90-day planning is another. After completing your SOAP & 90-day planning, you will have an insight into what proactive tasks you should be doing. All to move your business forward. For instance, I had a hairdressing client, a very good one that was operating in a highly competitive industry.
They identified for their 90-day theme that employee engagement was the most critical factor to get right for their business. So off this, they developed strategies within their 90-day plan to make this happen. Other typical examples beyond planning for your business is you! Your health, your exercise, your stress levels. It will make no difference to you in the “now” if you don’t do these tasks, but the long-term cost to the business, if you don’t get going on these tasks, is massive.
How to: I have found that people easily confuse urgent matters as important, which, of course, is often not always the case.
And in a similar fashion, they sometimes confuse not urgent tasks as being of less importance. This situation often occurs when people have spent much of their time in quadrant one territory. After a while life just seems like quadrant one! From experience, I found that the only way I can become productive in this quadrant is by taking time out. On a regular basis take time out where there are no distractions and you can focus on what really matters.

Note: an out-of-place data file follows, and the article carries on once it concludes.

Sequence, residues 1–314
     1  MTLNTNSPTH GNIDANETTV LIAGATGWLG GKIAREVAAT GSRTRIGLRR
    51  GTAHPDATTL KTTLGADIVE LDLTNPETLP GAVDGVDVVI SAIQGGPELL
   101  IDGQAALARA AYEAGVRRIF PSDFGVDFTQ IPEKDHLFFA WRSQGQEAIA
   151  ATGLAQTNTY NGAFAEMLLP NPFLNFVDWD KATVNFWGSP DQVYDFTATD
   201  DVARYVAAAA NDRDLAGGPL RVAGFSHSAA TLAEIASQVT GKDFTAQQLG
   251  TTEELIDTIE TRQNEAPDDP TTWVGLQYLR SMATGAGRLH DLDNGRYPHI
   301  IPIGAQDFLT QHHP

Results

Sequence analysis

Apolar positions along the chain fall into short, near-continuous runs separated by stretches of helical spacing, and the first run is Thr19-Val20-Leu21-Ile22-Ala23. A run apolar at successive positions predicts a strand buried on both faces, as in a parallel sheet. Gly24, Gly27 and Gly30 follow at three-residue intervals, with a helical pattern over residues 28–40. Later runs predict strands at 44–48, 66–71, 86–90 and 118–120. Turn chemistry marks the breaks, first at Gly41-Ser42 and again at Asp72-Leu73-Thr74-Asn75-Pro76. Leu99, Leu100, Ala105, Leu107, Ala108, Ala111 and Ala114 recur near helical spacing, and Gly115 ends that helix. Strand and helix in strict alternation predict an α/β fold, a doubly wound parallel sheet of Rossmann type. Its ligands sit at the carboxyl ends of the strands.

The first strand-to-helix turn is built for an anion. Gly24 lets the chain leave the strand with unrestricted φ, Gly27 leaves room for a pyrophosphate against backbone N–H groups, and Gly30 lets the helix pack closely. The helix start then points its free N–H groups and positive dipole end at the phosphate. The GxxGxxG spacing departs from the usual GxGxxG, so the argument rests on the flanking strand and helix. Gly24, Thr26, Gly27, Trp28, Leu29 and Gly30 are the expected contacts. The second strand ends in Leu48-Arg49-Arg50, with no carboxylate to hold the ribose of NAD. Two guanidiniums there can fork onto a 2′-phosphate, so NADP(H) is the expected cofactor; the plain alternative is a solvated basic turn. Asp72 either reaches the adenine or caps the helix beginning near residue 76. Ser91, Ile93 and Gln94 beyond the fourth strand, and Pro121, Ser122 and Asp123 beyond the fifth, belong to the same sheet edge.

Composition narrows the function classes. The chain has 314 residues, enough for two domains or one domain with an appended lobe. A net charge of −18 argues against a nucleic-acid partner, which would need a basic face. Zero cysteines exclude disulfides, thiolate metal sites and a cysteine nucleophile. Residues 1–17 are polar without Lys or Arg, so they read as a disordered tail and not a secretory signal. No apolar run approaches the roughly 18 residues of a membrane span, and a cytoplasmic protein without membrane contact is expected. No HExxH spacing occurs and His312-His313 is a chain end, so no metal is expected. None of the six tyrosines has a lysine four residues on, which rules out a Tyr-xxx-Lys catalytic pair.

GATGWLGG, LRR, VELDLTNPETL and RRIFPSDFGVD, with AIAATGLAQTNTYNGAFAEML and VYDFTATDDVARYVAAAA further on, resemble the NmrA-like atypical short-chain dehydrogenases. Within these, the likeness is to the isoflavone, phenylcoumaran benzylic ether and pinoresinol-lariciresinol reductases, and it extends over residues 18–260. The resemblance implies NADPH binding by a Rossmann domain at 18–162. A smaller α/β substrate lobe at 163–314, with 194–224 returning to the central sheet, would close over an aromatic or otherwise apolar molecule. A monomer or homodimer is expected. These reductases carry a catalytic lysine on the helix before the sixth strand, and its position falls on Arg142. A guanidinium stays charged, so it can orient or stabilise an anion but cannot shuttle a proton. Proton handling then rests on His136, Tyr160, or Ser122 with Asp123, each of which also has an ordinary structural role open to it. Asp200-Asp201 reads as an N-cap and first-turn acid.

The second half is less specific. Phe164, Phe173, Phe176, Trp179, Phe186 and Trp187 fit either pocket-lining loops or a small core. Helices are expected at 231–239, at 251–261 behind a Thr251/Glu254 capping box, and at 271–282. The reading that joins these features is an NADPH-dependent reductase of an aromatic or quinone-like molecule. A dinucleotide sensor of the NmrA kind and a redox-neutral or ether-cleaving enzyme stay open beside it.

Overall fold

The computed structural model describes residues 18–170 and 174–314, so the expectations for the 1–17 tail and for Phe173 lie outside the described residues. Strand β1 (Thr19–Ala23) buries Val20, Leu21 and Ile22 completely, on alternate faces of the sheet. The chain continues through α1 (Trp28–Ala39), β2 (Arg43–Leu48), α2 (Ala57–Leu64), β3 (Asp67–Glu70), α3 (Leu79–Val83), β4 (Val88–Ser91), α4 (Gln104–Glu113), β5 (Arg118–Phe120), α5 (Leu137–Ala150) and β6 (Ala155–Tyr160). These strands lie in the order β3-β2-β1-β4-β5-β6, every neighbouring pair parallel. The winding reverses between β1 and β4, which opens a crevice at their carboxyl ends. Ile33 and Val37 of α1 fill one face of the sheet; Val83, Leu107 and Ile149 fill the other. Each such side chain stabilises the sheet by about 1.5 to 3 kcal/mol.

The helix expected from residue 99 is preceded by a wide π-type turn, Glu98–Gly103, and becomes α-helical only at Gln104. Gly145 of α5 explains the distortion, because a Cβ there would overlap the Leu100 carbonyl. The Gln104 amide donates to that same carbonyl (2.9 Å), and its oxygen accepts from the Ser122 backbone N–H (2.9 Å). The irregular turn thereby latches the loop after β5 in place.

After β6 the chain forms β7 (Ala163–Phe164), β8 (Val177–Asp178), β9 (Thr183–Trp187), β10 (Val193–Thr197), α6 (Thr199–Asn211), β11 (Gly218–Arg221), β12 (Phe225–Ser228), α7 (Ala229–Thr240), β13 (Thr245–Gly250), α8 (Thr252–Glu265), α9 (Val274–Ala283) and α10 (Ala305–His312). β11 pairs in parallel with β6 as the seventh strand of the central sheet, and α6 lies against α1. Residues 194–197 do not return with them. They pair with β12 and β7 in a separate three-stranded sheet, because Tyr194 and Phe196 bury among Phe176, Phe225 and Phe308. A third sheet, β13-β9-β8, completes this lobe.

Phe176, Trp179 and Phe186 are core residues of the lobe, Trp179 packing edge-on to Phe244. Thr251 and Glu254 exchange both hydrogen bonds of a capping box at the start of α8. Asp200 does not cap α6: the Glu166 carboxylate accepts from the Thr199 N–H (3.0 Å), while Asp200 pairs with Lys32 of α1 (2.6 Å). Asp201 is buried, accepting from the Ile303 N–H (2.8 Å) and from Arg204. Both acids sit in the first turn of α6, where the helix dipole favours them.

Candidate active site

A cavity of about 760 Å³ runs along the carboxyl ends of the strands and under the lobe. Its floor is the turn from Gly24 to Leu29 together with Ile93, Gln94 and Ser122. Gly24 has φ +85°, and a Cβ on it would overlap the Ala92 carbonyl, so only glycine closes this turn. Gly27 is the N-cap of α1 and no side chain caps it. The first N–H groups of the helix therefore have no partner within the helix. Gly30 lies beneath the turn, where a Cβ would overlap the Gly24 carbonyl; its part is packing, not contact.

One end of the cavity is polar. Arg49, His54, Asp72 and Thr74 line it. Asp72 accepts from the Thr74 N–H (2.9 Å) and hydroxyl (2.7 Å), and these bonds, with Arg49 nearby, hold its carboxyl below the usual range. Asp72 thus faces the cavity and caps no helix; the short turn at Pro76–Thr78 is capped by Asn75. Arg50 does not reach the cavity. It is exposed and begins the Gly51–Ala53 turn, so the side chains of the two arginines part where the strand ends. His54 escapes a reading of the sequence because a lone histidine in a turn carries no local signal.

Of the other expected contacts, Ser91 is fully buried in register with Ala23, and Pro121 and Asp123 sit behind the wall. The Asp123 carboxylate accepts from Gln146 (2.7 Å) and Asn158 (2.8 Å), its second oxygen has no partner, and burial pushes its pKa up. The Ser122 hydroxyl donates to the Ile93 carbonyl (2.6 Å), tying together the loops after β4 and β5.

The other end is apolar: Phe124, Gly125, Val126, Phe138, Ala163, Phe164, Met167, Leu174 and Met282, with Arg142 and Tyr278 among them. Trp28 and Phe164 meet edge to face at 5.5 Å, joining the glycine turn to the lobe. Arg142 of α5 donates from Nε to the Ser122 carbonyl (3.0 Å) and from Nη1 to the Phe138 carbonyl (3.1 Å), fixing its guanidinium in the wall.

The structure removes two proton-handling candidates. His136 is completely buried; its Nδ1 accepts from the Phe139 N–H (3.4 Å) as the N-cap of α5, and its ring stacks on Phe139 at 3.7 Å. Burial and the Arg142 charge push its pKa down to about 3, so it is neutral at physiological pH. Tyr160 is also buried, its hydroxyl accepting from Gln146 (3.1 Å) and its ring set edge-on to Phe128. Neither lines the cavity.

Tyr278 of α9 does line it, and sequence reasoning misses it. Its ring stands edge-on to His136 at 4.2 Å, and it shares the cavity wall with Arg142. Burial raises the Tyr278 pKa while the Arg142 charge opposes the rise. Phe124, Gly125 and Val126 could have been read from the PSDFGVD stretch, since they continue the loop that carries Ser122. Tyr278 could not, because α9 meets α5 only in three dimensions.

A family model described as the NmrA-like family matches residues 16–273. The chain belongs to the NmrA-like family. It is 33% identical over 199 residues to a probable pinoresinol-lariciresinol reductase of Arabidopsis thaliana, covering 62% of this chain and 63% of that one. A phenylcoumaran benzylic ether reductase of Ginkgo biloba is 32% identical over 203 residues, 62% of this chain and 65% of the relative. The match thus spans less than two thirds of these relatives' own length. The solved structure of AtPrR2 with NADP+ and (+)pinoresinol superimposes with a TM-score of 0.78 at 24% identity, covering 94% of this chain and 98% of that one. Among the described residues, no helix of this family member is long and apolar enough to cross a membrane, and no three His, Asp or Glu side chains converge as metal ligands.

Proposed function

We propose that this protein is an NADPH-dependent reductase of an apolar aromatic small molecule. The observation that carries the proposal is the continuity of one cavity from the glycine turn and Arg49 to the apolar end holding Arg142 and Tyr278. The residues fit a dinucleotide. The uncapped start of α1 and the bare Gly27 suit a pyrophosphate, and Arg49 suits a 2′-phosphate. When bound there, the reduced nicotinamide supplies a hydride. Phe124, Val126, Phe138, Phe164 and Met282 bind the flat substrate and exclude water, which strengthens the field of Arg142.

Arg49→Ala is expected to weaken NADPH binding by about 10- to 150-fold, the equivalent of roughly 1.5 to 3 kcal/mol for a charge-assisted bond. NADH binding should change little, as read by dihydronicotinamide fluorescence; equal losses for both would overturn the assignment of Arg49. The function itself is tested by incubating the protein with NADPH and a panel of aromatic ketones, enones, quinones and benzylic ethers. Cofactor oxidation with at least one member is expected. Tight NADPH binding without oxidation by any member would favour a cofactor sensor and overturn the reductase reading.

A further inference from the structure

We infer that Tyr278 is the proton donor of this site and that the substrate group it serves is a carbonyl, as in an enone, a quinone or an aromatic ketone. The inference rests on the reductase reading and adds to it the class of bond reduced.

Having a hard time defining your long-term goals?
Definition: Have you ever felt that you give too much importance to a task yet looking back, it was actually not that important? Or thought something must be accomplished right away although, in reality, it doesn’t need to be?
If so, welcome to the club!
An exercise I often give to my clients is for them to consider what their financial cost is to their own business. The answer to this question is not what they pay themselves but rather the potential earnings of the business. Usually, they discover that their cost is 3 to 10 times more than whatever their highest paid employee is being paid. So now ask yourself: Is the task that you have been doing for the last hour worth $x/hour?